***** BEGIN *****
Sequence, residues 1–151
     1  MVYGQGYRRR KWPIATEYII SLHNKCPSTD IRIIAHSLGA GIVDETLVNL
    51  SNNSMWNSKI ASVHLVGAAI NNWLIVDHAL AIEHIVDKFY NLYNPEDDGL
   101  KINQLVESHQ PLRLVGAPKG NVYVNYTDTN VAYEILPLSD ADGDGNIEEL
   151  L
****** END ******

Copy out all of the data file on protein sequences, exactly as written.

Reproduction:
Sequence, residues 1–151
     1  MVYGQGYRRR KWPIATEYII SLHNKCPSTD IRIIAHSLGA GIVDETLVNL
    51  SNNSMWNSKI ASVHLVGAAI NNWLIVDHAL AIEHIVDKFY NLYNPEDDGL
   101  KINQLVESHQ PLRLVGAPKG NVYVNYTDTN VAYEILPLSD ADGDGNIEEL
   151  L